Scientists unveil long-lasting, implantable glucose sensor

by Brendon Nafziger, DOTmed News Associate Editor | July 29, 2010
The sensor lasts up
to one year.
(Image C. Bickel/Science
Translational Medicine
© 2010 AAAS)
One of the goals of diabetes research is to come up with an artificial pancreas that can monitor blood glucose levels in real-time and respond to them by releasing insulin just as a normal pancreas would. But a challenge has been creating a device that can be implanted in the body and last for a long time while accurately measuring blood glucose levels.

Now, scientists have announced an important milestone in glucose monitoring.

In a study published Wednesday in Science Translational Medicine, researchers said they created a wireless glucose sensor that can be implanted under the skin and that was able to accurately measure glucose for nearly a year.

The one-and-a-half inch-diameter device, which was implanted in pigs, uses two sensors. One monitors changes in oxygen levels that are affected by glucose and oxygen interacting with enzymes immobilized within a gel in the sensor. The other sensor monitors background oxygen levels.

The device then compares the two results to figure out tissue glucose levels, which can be related to blood glucose values.

The dual-sensor strategy is the "core achievement," said David Gough, lead author of the paper and a professor of bioengineering at the University of California in San Diego. That's because by checking background oxygen levels, it helps ensure accurate readings even as tissue around the device changes as part of the body's natural response to an implant.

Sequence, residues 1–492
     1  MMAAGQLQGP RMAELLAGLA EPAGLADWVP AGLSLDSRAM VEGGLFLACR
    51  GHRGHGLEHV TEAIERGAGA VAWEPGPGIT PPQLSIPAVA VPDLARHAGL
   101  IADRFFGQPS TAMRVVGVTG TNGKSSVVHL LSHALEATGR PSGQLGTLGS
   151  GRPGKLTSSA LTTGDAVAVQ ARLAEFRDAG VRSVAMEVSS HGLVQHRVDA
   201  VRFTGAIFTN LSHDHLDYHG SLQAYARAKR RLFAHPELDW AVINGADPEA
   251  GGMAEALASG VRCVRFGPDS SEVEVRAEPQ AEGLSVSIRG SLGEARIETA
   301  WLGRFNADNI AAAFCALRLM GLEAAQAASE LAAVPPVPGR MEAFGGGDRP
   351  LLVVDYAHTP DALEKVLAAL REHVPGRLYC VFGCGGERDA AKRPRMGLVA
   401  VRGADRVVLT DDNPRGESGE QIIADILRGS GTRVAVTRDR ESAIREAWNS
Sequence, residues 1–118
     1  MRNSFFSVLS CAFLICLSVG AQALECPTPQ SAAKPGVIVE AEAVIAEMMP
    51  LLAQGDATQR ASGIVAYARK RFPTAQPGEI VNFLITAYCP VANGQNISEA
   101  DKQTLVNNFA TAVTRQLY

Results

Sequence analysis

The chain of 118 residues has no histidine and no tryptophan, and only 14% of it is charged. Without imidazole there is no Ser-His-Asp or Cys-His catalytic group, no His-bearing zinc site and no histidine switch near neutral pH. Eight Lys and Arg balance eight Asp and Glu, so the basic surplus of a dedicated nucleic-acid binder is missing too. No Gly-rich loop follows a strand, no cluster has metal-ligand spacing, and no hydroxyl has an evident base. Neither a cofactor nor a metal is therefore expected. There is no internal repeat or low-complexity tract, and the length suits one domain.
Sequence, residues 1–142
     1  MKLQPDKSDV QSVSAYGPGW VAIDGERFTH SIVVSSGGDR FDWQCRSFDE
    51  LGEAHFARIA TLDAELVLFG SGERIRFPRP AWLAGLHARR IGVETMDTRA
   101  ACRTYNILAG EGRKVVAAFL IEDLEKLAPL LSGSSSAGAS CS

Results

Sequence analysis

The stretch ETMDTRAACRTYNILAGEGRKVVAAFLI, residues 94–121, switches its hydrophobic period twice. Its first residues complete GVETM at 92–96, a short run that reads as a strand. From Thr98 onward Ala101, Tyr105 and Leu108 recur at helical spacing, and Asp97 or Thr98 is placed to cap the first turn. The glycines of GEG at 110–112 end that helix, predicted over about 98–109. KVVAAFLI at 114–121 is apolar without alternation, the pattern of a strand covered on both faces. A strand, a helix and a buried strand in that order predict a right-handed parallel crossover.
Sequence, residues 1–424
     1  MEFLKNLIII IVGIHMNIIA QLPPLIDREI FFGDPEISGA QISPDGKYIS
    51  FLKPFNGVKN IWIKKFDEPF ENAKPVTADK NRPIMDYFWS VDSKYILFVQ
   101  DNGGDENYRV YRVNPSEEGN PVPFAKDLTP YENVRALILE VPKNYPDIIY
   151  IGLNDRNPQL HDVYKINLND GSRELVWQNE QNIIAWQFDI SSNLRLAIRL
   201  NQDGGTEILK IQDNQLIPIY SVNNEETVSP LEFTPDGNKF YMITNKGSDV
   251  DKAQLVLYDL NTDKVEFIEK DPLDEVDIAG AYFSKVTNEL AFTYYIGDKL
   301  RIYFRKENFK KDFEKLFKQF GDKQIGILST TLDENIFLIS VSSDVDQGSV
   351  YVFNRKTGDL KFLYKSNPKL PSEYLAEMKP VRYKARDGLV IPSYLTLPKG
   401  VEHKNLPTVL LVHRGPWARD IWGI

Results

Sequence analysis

This meant the device could be used for over 500 days after implantation, Gough said.

"Part of the interesting achievement here, during the first 160-plus days, the sensor remained remarkably stable," Gough told DOTmed News. "When we get to the point of doing human studies, one of the interesting questions will be how long an interval can go between recalibration times."

In the study, the devices in pigs got recalibrated about once every couple of months, Gough said, by setting the device against blood glucose levels measured by blood drawn from a catheter in the pigs.

And the tiny implant appears to be fairly accurate.

"These results suggest that, although there may be quantifiable differences between the actual blood glucose concentrations and values reported by the sensor, none of these differences would lead to a mistaken, potentially dangerous clinical action," the authors write in the study.

The sensor has a lag time of about 12 minutes for rising blood glucose and seven minutes for falling blood glucose, on par with other commercial glucose readers, Gough said.